The results from this study are highly informative concerning the impact of two aquatic herbicides on S. terebinthifolia and the four non-target mangrove species. The data indicate that both imazamox and carfentrazone-ethyl provided good defoliation of S. terebinthifolia. However, the presence of live green cambium at 180 DAT following either herbicide alone indicated a lack of effective long-term control. Furthermore, the lack of significant interaction between imazamox and carfentrazone-ethyl does not support any concept of useful synergism between the two herbicides on the target species. Although the tank mix with the lower rate of imazamox and carfentrazone-ethyl appeared promising at 30 DAT, the results were not significant at later evaluation dates. This agrees with other reports on fast-acting, protoporphyrinogen oxidase–inhibiting herbicides increasing the speed of defoliation of other lignified species in aquatic systems but offering no long-term complementation with slower-acting amino acid inhibitors (Enloe and Lauer Reference Enloe and Lauer2017).

Additionally, these data indicate high levels of injury to all four mangrove species from both herbicides. Early injury, as defoliation, was high for each species. This injury was also expressed in total reduction in leaf number and area and significant percent cambium kill at 180 DAT. The mangrove species tested have been previously documented to be highly sensitive to auxin-type herbicides (Enloe et al. Reference Enloe, Leary, Prince, Sperry and Lauer2020a; Teas Reference Teas1976; Westing Reference Westing1971). The imidazolinone herbicide imazapyr was reported to be highly injurious to R. mangle in eradication efforts in Hawaii, where it is nonnative (MacKenzie and Kryss Reference MacKenzie and Kryss2013). However, this is the first documented evidence of sensitivity to imazamox or carfentrazone-ethyl. Although not germane to mangrove protection, the high level of activity exhibited on these mangrove species warrants testing on invasive plants in the same families, including Mexican petunia (Ruellia simplex C. Wright; Acanthaceae), West Indian almond (Terminalia catappa L.; Combretaceae), and large-leafed orange mangrove [Bruguiera gymnorhiza (L.) Lam. ex Savigny; Rhizophoraceae]. All of these are locally problematic in Florida and additional management tools would be useful for each one (Langeland et al. Reference Langeland, Cherry, McCormick and Craddock Burks2008).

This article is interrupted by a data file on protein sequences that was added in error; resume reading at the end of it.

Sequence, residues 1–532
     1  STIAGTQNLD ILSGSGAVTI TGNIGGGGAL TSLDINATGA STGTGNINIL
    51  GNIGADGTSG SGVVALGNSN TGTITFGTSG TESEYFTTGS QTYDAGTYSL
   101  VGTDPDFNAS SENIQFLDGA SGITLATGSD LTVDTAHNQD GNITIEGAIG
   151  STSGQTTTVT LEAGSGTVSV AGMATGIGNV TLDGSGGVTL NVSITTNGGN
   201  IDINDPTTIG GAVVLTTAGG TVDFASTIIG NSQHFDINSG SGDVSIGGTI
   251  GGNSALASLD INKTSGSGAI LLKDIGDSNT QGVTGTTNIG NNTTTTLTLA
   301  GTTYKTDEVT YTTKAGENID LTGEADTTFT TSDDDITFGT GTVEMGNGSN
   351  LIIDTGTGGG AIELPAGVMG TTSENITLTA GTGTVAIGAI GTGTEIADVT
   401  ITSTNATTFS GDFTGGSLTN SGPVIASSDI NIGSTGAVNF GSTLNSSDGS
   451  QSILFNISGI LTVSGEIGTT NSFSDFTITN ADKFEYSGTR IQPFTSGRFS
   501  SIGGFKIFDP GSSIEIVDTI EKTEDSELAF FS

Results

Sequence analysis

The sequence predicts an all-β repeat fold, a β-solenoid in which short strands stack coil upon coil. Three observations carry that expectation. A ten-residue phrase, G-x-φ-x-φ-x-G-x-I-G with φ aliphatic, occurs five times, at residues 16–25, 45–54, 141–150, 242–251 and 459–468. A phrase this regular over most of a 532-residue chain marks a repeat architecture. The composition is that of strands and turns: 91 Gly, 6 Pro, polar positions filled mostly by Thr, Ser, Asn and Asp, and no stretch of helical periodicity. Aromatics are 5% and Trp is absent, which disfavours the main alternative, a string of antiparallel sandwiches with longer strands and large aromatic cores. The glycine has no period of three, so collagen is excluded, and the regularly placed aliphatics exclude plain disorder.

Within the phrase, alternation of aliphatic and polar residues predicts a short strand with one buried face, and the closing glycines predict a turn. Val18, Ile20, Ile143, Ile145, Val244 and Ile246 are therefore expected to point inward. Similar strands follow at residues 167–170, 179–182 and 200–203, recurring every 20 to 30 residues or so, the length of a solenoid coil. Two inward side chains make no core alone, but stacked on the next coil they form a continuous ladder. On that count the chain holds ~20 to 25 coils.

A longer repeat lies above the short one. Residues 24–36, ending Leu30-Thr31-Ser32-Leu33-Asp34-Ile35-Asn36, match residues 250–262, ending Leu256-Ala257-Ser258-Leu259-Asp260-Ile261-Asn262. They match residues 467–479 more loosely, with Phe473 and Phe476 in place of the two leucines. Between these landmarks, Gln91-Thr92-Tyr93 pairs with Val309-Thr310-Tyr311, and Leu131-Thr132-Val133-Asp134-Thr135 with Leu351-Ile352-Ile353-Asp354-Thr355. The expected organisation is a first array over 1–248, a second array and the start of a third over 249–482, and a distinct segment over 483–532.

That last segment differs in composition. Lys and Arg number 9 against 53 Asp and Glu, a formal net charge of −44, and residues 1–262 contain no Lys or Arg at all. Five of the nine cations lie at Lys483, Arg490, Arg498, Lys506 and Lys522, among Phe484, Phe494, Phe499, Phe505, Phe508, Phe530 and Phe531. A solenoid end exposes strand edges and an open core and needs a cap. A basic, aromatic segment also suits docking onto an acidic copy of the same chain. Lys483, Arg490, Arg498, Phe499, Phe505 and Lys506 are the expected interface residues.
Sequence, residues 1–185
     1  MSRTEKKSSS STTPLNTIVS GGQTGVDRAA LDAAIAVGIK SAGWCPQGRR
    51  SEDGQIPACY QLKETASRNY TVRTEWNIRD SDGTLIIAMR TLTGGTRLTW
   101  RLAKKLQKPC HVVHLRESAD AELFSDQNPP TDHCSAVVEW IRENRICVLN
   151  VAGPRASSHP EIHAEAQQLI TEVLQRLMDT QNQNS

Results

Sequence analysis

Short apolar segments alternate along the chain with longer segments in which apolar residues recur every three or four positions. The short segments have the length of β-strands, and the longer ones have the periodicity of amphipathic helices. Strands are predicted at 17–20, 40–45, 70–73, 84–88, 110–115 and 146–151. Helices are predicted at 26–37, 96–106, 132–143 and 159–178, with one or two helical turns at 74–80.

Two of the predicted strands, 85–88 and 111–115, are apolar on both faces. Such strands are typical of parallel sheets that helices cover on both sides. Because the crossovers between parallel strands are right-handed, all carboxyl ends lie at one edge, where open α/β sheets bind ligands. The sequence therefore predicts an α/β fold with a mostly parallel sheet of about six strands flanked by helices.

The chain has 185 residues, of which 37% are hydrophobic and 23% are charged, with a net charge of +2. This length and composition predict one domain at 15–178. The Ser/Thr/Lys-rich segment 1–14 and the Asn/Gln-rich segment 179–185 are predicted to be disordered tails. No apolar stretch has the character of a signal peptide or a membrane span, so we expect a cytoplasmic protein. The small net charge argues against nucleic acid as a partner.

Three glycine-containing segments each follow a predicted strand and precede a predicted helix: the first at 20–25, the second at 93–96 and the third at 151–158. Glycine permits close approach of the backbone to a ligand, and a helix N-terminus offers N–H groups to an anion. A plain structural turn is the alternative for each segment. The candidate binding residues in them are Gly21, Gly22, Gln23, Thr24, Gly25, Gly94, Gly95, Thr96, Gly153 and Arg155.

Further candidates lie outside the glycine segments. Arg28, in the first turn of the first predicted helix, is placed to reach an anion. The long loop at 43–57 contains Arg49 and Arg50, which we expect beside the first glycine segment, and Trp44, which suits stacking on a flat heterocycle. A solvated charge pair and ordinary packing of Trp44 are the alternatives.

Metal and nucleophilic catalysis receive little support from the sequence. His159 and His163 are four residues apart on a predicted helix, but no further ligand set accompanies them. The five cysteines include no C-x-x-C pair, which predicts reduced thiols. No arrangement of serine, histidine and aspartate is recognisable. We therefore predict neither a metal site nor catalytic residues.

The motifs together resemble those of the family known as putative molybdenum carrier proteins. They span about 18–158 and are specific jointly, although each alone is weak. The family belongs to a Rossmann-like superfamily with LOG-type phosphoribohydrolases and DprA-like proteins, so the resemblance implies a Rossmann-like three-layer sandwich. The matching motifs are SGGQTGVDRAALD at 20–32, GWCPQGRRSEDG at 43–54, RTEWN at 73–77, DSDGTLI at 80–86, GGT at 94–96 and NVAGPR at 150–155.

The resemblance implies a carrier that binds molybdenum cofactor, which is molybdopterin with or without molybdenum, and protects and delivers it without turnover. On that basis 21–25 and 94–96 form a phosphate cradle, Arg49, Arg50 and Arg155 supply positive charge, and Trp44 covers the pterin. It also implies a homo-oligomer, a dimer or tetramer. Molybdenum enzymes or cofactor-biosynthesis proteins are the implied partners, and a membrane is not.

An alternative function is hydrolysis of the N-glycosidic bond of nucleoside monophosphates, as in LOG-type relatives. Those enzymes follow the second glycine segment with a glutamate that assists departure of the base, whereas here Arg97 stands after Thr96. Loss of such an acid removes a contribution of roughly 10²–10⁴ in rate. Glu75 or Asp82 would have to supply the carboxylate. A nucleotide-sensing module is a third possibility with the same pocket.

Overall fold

In conclusion, given that all four mangrove species are protected in Florida, these herbicides would not be useful for selectively eliminating S. terebinthifolia from mangrove communities. Currently, there are several herbicide active ingredients known to be highly effective, albeit without selectivity. While the search for a selective broadcast application is not exhausted, we have learned that mangroves are sensitive to a broader range of herbicides than previously known. Schinus terebinthifolia invasion has not reached its apex and will continue to alter the structure and function of mangrove ecosystems without action. Future research should revisit known effective chemistries to determine optimal thresholds that maintain efficacy on S. terebinthifolia while minimizing non-target damage.

Acknowledgments

The authors would like to thank Colette Jacono for assistance in mangrove propagation and maintenance as well as Jessie Solomon, Kenzie Bell, and Matt Shinego for assistance in treatment and data collection. This project was funded by the U.S. Department of Defense through the U.S. Army Corps of Engineers under agreement number W9126G-18-2-0065. The authors declare no conflicts of interest.

Footnotes

Associate Editor: Rob J. Richardson, North Carolina State University

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Figure 0

Table 1. Comparison of imazamox and carfentrazone-ethyl main effects on Schinus terebinthifolia percent defoliation at 30 and 90 d after treatment (DAT) and percent cambium kill and percent survival at 180 DAT.a

Figure 1

Table 2. Comparison of imazamox and carfentrazone-ethyl main effects on Avicennia germinans percent defoliation at 30 and 90 d after treatment (DAT) and leaf count, leaf area, cambium percent kill, and percent survival at 180 DAT.a

Figure 2

Table 3. Comparison of imazamox and carfentrazone-ethyl main effects on Conocarpus erectus percent defoliation at 30 and 90 d after treatment (DAT) and leaf count, leaf area, cambium percent kill, and percent survival at 180 DAT.a

Figure 3

Table 4. Comparison of imazamox and carfentrazone-ethyl main effects on Rhizophora mangle percent defoliation at 30 and 90 d after treatment (DAT) and leaf count, leaf area, cambium percent kill, and percent survival at 180 DAT.a

Figure 4

Table 5. Comparison of imazamox and carfentrazone-ethyl main effects on Laguncularia racemosa percent defoliation at 30 and 90 d after treatment (DAT) and leaf count, leaf area, cambium percent kill, and percent survival at 180 DAT.a